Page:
Throughout 2020 and 2021 there has been a lot of uncertainty in industries across America. One of these industries, in particular, was that of the US housing market, as people everywhere pondered over whether or not it would be able to hold up throughout elongated periods of people being unable to leave their home, hence putting a strain on the likes of viewings, inspections, and negotiation.
How Has the Housing Market Looked Throughout the Pandemic?
A lot of industries have been hit hard throughout the pandemic as the amount of job losses has continued to mount while places of work were unable to keep up with the constraints that were imposed as a result of social distancing. That being said, something that came as a surprise throughout covid-19 was the fact that home sales increased as many families saw the reduction in social life as an opportunity to purchase a home in the suburbs. This was also spurred on thanks to the new emphasis on both remote learning and working from home, meaning people did not need to get back into the city as much even after restrictions were lifted.
All of these moves were facilitated by the fact that the millennial generation has been much more into urban living and so has been staying in apartments based within cities. As such, these houses out in the suburbs have come with incredibly low mortgage rates, only acting as more incentive for those who were considering a move. Not to mention moving was still never too much of an issue throughout the pandemic as furniture could be kept in storage units such as those at storagearea.com so that even if all of the property couldn’t be transported, there was room for essentials and anything else could be stored until it was ready.
As a result of this surge in moving and millennials being pushed into homeownership throughout quarantine, there has been intense demand for property across the country, and as such, the average price of houses was surging.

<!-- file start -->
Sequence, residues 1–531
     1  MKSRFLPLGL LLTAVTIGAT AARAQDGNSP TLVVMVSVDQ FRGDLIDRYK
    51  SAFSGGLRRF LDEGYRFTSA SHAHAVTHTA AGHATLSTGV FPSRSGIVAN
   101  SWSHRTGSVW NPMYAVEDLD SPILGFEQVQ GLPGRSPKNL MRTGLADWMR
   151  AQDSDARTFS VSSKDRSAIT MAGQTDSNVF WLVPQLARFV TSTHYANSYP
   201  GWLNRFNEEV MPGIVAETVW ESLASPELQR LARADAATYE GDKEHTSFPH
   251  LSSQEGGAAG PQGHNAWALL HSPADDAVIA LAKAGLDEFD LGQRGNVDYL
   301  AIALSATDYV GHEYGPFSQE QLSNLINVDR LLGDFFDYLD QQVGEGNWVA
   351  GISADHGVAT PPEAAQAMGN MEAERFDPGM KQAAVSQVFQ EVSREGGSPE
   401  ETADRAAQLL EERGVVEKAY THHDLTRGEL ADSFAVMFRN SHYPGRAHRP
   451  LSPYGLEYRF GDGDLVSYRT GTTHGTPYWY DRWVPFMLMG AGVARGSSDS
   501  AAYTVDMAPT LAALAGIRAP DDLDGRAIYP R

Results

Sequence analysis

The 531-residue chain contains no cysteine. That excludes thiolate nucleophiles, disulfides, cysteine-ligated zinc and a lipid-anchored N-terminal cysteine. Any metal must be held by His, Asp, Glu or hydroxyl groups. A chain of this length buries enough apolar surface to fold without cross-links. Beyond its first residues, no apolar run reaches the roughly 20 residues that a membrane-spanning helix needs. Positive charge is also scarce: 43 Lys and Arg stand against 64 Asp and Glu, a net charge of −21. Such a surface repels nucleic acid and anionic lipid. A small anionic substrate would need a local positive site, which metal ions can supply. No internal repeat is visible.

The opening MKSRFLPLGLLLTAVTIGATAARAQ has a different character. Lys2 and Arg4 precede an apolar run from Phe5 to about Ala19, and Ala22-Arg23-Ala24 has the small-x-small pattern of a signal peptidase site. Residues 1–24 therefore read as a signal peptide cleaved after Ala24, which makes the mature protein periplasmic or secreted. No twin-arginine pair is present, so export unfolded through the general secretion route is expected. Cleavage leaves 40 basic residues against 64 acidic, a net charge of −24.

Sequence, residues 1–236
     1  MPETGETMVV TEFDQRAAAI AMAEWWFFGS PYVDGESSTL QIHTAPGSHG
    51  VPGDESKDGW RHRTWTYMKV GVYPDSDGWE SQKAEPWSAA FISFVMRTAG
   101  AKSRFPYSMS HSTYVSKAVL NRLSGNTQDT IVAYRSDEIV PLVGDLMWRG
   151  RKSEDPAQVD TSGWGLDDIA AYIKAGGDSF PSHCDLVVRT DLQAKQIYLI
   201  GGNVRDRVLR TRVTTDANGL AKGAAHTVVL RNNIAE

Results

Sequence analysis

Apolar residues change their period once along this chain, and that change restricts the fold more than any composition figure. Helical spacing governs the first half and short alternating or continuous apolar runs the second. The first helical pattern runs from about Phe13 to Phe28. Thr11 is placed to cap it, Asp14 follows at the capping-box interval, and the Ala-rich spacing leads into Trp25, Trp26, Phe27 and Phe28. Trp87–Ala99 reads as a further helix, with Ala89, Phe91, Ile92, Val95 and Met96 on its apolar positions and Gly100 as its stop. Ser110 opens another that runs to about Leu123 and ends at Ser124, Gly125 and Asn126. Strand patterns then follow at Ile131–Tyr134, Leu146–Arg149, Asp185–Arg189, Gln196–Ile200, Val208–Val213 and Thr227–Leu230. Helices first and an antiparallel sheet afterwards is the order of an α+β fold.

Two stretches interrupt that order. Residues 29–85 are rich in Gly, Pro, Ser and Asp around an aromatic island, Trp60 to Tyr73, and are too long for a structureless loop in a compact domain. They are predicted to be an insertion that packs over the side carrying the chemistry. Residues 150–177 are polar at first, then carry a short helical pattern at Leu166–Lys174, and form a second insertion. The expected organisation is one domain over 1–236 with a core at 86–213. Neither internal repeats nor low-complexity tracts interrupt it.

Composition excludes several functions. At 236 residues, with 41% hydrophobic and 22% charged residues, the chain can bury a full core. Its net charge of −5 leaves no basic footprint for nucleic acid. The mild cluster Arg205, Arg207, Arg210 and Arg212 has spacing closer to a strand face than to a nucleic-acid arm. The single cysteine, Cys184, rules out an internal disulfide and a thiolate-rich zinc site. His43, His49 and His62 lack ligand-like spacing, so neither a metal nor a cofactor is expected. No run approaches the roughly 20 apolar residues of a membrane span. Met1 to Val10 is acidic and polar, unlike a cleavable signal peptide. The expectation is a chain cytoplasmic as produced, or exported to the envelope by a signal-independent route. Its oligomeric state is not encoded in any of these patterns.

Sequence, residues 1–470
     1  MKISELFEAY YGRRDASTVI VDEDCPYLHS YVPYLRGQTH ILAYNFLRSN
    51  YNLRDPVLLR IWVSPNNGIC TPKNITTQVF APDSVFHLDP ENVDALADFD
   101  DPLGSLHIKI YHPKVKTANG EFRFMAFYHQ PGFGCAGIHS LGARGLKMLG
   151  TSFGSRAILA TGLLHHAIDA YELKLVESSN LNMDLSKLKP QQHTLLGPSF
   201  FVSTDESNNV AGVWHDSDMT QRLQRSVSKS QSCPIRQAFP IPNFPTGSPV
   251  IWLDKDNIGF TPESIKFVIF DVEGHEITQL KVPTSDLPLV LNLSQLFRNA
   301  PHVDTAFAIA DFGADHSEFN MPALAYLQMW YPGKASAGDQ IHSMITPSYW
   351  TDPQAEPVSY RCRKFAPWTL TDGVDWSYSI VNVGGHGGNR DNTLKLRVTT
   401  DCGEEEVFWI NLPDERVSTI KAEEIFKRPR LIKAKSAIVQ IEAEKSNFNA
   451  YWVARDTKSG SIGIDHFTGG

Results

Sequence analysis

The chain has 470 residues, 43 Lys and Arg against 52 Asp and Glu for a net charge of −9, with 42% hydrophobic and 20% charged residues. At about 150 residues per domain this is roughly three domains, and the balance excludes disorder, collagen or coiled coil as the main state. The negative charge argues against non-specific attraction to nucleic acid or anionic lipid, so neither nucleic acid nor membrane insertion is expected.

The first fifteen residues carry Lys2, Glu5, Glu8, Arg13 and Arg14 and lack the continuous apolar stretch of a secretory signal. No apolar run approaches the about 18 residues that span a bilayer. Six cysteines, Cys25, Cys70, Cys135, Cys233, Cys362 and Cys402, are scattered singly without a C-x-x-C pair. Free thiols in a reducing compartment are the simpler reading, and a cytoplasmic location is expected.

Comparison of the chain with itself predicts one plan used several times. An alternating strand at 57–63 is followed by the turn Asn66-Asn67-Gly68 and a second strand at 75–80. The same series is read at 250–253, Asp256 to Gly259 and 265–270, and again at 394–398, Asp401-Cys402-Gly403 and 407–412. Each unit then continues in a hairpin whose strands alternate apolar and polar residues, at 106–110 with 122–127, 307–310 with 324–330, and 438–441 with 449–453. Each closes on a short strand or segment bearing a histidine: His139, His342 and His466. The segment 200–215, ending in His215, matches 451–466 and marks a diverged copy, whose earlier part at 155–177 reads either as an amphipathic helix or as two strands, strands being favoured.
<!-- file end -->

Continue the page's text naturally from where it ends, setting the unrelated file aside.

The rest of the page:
Can This Last?
The question that remains on a lot of people’s minds in the housing markets is whether this positive shift can last. There remains the worry that now, as the vaccine rollout continues to be successful and restrictions are lifted, is there going to be a complete economic rebound that will push mortgage rates higher and erodes the buying power of first-time homebuyers? Not to mention, on the market at the moment, there just simply isn’t that much to buy.
There have been decades of sluggish building when it comes to recent properties, and as such, this has left a generation’s shortage of inventory. Then at the same time, when you look at high-quality homes such as those of the older generation, where some would expect them to downsize, this has not been the case as they remain skeptical about selling their property as we go through a global pandemic.
As such, the future of the housing market in the US remains unpredictable at this moment in time.
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Brett is the Managing Editor of this website. A former business executive turned teacher, activist, and writer, Brett also operates an anonymous Twitter account with a very large following.